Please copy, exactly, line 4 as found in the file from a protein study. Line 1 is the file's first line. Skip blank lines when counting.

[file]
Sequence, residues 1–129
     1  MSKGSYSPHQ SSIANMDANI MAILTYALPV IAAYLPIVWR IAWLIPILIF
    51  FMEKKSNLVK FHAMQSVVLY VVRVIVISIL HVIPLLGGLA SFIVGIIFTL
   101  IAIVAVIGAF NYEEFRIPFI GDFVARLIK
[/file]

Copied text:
   101  IAIVAVIGAF NYEEFRIPFI GDFVARLIK